The adventure, which appears nowadays rather unbelievable and surrealistic, was nevertheless a serious one. Between 1960 and 1967 – at the time of the Space Race, revolutionary ideas, and Pan-Arabism – more than ten solid fuel Cedar rockets were launched. The launchings gave rise to national celebrations. To commemorate the 21st anniversary of Lebanon’s independence, a set of stamps representing the Cedar IV rocket was issued. The Arab defeat of 1967 put an end to the initiative and slowed down the thrive towards this aspect of technological modernity of this part of the world.
Nowadays, considering the world divisions and the bellicose attitudes, it would be unconceivable to allow a small team of dreamers to launch rockets into the skies of the Middle East.
The project enables us to consider the historic events of those years: pan-Arabism, the notion of a vast Arab nation and its decline after the Arab armies were defeated by Israel in 1967. A defeat which confused our societies, our parents’ generation, and which transformed deeply the Arab world and, first and foremost, our image of ourselves.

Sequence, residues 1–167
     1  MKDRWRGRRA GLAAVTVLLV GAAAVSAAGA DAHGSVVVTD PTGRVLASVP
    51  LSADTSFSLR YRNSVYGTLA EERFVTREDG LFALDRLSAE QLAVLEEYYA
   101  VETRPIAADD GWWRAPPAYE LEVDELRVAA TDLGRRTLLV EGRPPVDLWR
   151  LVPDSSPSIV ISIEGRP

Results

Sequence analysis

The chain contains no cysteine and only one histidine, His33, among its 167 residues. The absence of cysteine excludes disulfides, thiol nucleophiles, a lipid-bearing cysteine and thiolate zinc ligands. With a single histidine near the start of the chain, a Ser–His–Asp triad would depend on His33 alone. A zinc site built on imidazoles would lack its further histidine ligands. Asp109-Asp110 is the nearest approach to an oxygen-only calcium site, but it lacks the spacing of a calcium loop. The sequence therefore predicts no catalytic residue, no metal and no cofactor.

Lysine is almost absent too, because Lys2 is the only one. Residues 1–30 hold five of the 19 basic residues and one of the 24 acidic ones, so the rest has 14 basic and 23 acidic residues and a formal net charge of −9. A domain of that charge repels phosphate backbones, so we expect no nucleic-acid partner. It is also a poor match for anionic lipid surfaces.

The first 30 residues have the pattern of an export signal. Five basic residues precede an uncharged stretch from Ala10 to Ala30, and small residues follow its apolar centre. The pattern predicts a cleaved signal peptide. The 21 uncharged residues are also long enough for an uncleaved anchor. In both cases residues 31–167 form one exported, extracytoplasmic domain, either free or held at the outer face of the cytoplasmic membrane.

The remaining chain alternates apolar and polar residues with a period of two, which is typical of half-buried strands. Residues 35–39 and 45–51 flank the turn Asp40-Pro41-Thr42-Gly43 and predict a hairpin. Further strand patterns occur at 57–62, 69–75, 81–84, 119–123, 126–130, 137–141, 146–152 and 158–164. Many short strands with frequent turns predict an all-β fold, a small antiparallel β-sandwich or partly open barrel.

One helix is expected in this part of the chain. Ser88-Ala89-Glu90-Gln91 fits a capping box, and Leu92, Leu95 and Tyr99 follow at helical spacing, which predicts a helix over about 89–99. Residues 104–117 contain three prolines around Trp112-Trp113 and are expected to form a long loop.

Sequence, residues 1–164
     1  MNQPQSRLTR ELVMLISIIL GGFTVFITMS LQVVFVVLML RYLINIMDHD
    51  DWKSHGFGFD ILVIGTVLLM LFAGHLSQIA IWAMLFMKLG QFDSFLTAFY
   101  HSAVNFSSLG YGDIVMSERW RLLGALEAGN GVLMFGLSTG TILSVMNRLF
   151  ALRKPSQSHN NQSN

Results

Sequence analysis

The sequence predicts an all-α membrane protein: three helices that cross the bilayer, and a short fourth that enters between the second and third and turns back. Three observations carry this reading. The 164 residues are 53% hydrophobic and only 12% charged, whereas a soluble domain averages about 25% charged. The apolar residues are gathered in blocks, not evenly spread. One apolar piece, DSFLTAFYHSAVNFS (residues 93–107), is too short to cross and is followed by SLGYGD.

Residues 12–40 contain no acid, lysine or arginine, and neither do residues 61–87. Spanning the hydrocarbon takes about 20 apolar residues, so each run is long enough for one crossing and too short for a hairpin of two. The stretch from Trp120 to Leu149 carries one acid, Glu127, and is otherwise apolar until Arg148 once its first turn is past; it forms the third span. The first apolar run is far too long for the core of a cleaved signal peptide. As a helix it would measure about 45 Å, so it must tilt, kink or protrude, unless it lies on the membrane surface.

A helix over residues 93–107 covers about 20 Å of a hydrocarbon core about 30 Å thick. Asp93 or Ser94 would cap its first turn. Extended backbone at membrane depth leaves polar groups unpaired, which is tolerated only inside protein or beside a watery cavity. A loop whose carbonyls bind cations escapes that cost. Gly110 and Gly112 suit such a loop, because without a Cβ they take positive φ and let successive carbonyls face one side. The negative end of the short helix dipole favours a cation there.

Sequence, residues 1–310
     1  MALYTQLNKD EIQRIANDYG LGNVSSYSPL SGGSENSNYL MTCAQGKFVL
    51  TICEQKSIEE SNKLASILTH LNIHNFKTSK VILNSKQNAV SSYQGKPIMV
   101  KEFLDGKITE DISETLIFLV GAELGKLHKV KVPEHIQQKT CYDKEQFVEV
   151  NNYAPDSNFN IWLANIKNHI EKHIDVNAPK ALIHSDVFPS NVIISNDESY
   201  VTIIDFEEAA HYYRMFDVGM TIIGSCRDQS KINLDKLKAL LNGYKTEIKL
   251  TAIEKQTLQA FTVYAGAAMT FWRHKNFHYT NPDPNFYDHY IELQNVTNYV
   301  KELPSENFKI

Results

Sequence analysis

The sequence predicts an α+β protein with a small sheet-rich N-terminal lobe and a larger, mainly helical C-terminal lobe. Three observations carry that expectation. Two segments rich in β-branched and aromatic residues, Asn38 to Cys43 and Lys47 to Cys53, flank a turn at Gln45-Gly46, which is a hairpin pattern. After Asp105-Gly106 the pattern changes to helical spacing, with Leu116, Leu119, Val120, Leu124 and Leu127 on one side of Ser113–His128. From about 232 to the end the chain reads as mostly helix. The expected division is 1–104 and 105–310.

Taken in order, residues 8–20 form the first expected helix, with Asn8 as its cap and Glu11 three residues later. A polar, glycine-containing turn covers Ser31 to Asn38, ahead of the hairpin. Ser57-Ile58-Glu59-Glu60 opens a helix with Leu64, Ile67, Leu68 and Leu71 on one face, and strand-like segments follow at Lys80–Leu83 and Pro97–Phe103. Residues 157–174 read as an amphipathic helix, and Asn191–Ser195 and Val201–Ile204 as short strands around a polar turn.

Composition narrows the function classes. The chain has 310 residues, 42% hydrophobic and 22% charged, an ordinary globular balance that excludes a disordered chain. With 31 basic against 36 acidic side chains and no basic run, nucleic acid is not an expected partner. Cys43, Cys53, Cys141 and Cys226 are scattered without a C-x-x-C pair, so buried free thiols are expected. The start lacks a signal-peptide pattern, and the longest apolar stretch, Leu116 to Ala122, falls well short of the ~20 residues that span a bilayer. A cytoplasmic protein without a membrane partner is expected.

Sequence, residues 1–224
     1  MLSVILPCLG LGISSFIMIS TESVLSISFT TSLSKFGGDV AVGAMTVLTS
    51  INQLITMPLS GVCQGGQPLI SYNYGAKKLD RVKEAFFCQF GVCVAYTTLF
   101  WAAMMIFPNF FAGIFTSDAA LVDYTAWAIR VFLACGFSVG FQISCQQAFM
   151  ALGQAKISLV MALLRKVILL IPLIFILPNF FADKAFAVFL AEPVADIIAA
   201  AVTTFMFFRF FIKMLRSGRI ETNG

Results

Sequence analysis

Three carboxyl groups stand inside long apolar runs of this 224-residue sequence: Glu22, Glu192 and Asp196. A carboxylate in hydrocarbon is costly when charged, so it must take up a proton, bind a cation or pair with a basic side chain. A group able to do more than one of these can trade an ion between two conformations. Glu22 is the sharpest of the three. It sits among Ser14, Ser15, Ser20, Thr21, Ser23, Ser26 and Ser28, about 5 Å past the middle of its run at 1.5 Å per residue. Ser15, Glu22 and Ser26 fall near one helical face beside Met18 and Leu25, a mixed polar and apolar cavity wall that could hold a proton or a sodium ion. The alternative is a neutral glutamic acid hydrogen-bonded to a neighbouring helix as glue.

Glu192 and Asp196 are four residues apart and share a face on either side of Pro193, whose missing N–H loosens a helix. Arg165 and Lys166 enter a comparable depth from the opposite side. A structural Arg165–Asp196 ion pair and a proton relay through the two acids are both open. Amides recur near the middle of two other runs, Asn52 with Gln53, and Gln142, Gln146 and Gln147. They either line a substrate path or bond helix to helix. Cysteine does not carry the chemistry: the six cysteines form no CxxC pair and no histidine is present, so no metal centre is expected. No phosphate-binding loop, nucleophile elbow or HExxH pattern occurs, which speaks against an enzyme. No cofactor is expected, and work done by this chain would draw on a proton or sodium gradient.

The documents, photos and mainly films relating to the space project have disappeared.
This unusual and heroic adventure, which had made the front pages of the press, is nowadays forgotten. It appears like an anecdote in the course of history, a story kept secret.
The project investigates the apparent absence of the Lebanese space program from our personal and collective memory, shedding light on our perceptions of the past and present – and our imagination of the future, exploring the notion of a collective dream. Documents and archives as well as reconstitutions and art installations attempt to question this story and the ideas of reenactment, reconstitution and restaged in the present time. [Website]
Phoenicia are celebrating this year’s International Women’s day by asking men to take part and have a say about it. These two posters are my contribution with a little help from my friend Maya Zankoul.
It took me some time to finish the second phrase (I am happy women now) because Lebanon is still very far behind in terms of equality and women rights. I hope we will soon have laws that protect women from domestic violence, allow them to give the nationality to their children, and encourage them to engage in the political life.